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Therefore, brothers, since we have confidence to enter the Most Holy Place by the blood of Jesus, 20 by a new and living way opened for us through the curtain, that is, his body, 21 and since we have a great priest over the house of God, 22 let us draw near to God with a sincere heart in full assurance of faith, having our hearts sprinkled to cleanse us from a guilty conscience and having our bodies washed with pure water. 23 Let us hold unswervingly to the hope we profess, for he who promised is faithful. 24 And let us consider how we may spur one another on toward love and good deeds. 25 Let us not give up meeting together, as some are in the habit of doing, but let us encourage one another – and all the more as you see the Day approaching.
About 6 weeks ago Jonny Brownlee ran a triathlon in Mexico. With 700 meters left, he collapsed due to dehydration in the hot conditions. His brother, Alistair, caught hold of him as he was collapsing, propped him up, and pushed him over the finish line. Alistair could just have overtaken Jonny, but he helped his brother finish.
This morning we’re thinking about fellowship. How do we relate to other Christians running the race of faith with us, as we press on towards the goal of heaven?
But we only have fellowship with other Christians because of Jesus. And that’s where our passage begins; because as followers of Jesus, we have confidence founded on two things:
Firstly, verse 19 says that we have confidence to enter the most holy place by the blood of Jesus. Jesus died for us, and that means that we have free and open access to God. He took the punishment we deserve for rejecting God, so we can be forgiven when we trust Him. Jesus has opened what verse 20 calls ‘the new and living way’ into God’s presence – it’s the living way because it’s through Jesus, who is alive today; and it’s the living way because the people who go this way are alive, spiritually alive, in Jesus. And Jesus has opened the way to God, because at the very instant Jesus died, the huge temple curtain was torn in two. The curtain in the temple was what the high priest in Israel had to go through when he wanted to meet God, because God dwelled behind the curtain in a special way – the curtain basically separating a holy God from His sinful people. And the high priest could only enter once a year, on the Day of Atonement, to make an offering for the sins of the people. Whereas now we can go to God whenever we want, wherever we want, as often as we want, because we go through Jesus.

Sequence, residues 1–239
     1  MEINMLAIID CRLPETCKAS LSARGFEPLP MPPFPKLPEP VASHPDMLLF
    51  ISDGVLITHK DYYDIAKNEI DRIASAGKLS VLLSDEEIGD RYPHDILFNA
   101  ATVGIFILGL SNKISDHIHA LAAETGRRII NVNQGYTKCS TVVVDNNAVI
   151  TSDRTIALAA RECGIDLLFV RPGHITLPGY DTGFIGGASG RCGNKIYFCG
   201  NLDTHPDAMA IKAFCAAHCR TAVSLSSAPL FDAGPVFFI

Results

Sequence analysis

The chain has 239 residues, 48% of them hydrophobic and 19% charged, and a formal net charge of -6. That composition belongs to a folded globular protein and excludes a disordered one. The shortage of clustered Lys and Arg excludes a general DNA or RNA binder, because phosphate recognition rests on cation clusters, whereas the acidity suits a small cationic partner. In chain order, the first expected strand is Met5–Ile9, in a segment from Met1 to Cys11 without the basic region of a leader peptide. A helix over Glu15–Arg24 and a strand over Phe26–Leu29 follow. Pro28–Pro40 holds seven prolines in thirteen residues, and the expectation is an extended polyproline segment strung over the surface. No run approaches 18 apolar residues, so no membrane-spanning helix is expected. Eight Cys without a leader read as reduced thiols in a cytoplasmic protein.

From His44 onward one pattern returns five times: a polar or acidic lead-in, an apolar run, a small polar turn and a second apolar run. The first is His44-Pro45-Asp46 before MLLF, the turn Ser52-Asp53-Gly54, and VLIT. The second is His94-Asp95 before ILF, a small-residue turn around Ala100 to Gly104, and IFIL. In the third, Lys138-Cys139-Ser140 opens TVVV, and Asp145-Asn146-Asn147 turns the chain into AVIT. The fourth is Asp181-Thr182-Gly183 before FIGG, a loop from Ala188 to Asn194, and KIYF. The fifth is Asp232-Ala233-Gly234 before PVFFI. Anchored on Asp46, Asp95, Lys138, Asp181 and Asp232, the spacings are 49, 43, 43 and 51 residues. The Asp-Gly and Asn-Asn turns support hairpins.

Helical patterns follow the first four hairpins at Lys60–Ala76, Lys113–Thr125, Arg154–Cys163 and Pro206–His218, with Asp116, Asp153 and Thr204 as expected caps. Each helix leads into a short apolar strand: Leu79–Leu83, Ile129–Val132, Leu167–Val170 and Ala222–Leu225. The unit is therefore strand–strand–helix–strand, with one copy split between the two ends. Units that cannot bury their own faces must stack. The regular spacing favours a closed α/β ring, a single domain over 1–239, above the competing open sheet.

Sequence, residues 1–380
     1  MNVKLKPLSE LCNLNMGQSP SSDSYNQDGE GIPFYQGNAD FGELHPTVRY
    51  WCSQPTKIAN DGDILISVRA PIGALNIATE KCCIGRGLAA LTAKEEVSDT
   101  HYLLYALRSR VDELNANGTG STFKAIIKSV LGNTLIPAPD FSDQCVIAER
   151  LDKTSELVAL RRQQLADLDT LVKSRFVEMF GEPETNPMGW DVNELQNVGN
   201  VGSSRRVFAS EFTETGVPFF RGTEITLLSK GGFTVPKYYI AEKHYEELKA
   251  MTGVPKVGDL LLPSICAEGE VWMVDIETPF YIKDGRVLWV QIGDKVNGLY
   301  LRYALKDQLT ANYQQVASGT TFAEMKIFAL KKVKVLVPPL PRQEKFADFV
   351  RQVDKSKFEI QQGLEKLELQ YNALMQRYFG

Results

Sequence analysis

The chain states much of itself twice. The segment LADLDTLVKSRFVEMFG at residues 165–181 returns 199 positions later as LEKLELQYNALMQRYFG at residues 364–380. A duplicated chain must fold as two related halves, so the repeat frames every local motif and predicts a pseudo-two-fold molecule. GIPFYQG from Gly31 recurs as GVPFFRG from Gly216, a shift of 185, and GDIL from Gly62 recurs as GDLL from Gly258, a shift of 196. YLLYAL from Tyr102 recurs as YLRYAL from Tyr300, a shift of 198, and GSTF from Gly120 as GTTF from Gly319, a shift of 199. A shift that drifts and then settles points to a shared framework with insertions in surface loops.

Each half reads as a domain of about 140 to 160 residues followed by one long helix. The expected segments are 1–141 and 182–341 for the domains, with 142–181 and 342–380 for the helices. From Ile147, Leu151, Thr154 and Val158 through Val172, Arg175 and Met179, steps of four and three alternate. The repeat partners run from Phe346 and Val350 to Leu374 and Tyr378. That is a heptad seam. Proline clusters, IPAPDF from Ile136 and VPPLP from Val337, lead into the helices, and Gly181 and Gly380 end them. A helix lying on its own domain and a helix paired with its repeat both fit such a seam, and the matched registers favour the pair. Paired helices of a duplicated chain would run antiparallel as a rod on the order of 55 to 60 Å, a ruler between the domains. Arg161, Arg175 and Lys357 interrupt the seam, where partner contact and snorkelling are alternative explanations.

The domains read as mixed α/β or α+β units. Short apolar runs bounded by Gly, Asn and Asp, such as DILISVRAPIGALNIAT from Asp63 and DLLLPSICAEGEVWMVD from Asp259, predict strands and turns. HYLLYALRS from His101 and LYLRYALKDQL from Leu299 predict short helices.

Secondly, we have confidence in approaching God because Jesus is our great priest who makes it possible for us to draw near to God together and to share the hope of living forever with Him. Jesus is always in the Father’s presence. And what happens might be something like this. David Hall stuffs up, again, failing to love God as He should, or deliberately doing something wrong. And Jesus might say something a little like verse 22: ‘I died for David Hall, he’s sprinkled with my blood, and he’s therefore clean in my sight.’ And the Father might respond: ‘David Hall’s sins have been punished; he’s completely forgiven, and he has been declared to have the very righteousness of Jesus.’ Our living great priest, Jesus, gives us free and open access to God.
Our confidence is grounded in who Jesus is – our great priest, standing between us and the Father – and what Jesus has done, dying for us in our place.
And the applications of this passage flow from these truths – because what Jesus has done for us and to us means that we have responsibilities to each other.
Look at the lettuces! What a patch for us to nibble on! Let us draw near to God; Let us hold unswervingly to the hope we profess; let us consider how we may spur one another on toward love and good deeds; let us not give up meeting together, as some are in the habit of doing, but let us encourage one another.
So, as Mel and Sue would say were Bake Off to have a salad special, ‘lettuce begin.’ Cos what we’ve heard so far is just the tip of the iceberg; and if we look a little deeper, we’ll find some gems.